The sleeping pods can be installed into homes without construction to the existing house, keeping costs low for landlords, Lennox explained.
“We personally lived in the Palo Alto house for a year to try it out,” Lennox recalled. “We lived with the other residents and loved it. For me, the pod is my favorite bed that I’ve ever slept in, and then you’re also in a community with all these other people. You get exposed to all different cultures and I think it’s pretty incredible what we’ve built there.”
Along with living at the Palo Alto house as a test trial, Lennox and Stallworth lived there out of necessity, they added. Despite both working as California state auditors prior to founding Brownstone in 2021, the rent in Palo Alto was too costly to live anywhere else, Lennox noted.
“We are both very passionate about helping put an end to the housing crisis,” Lennox shared. “We know there are people who have children and elderly people who have housing needs as well, so in the future, we plan to offer different types of products for other individuals out there.”
Brownstone has another location in Bakersfield, California, that is 100 percent occupied. Through Scale, Brownstone is doubling its number of pods to 50 total with a Los Angeles location, Stallworth said.
“Scale really helps you narrow down the practical ways that you can 10x and 100x your business,” Stallworth said. “It’s not just them telling you stuff — they ask questions then offer insight on how to develop a business model that is sure to grow.”
For Pratte, Scale’s emphasis on solving problems and reflecting on tough questions has been a valuable takeaway, he shared.
“Willy [Schlacks] talks about the dialectic, where we are always trying to search for our truth — that truly applies to startups,” Pratte said. “In startups, we’re trying to find product market fit. We have to ask, ‘Are we solving an actual problem?’ A lot of times as founders, we get so much of our soul wrapped up into wanting our [startup] to work, but it’s hard for us to ask the truly terrifying question of, ‘Is it actually needed?’”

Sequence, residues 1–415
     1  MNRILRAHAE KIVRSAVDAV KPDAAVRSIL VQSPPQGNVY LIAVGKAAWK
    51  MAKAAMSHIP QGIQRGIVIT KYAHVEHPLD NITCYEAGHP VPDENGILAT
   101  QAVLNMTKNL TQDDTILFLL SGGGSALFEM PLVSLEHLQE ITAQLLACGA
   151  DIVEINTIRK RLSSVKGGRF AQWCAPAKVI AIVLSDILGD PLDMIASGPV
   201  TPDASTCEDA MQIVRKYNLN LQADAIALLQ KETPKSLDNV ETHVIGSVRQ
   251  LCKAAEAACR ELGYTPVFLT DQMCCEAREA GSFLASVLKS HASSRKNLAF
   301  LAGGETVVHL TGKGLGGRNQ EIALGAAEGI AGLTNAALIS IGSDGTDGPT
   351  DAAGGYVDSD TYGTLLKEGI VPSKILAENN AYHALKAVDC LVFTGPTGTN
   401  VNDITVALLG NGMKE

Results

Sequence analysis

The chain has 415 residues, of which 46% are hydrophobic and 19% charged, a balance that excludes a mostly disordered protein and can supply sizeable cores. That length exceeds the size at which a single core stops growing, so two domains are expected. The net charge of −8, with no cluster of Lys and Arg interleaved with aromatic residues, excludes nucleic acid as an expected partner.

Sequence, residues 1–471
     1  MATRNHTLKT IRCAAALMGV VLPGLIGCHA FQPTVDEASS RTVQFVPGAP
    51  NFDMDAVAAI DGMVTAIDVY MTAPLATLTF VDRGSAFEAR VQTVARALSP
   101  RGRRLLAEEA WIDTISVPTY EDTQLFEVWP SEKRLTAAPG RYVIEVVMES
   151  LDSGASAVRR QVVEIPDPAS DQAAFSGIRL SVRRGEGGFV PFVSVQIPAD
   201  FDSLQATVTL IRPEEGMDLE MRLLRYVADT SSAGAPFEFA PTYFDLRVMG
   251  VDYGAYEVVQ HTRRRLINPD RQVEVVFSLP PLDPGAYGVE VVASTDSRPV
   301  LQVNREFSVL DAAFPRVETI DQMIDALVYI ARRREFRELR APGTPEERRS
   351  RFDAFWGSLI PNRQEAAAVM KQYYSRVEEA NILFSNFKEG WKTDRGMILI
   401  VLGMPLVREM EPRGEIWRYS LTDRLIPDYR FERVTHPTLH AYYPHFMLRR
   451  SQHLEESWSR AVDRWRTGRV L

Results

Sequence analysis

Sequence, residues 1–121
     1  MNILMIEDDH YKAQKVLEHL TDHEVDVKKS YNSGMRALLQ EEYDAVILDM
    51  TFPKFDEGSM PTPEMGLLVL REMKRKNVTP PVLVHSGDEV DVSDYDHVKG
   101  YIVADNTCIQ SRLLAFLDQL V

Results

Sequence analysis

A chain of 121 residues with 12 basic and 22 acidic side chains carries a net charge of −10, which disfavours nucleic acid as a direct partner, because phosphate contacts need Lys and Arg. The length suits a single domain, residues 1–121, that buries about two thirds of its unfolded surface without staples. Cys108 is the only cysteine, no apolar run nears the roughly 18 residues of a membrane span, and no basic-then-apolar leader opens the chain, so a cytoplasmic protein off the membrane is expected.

Scale’s third cohort is expected to culminate Jan. 19 with a Demo Day in Columbia.
Click here to apply to Scale’s fourth cohort, which kicks off in April 2023.
The other six startups in Scale’s second cohort include:
- Caralyst Health (St. Louis, Missouri) — Caralyst Health is a physician recommendation engine based on personal characteristics and preferences. The company uses A proprietary machine-learning algorithm to foster high-quality therapeutic relationships between patients and doctors.
- Celcy (Baltimore, Mayland) — Celcy is building the kitchen appliances of the future, starting with automated at home meals. Celcy’s first product is a robotic IoT freezer and oven that cooks from your phone.
- Kaveat (New York City, New York) — Kaveat is a contract review platform for creatives. Kaveat uses NLP to provide contract insights for creators to have the negotiating power of legal professionals.
- NameDrop (Salt Lake City, Utah) — NameDrop is a localized social networking platform that connects people based on interests within a pin dropped radius.
- Ruminant Robotics (Columbia, Missouri) — Ruminant Robotics is building a vertical lawn care service business powered by electric autonomous lawnmowers.
- ScanRite (Columbia, Missouri) — ScanRite is an algorithmic-based SaaS platform for physicians to accurately assess a patient’s imaging needs and boost communication with the imaging departments.
This story is possible thanks to support from the Ewing Marion Kauffman Foundation, a private, nonpartisan foundation that works together with communities in education and entrepreneurship to create uncommon solutions and empower people to shape their futures and be successful.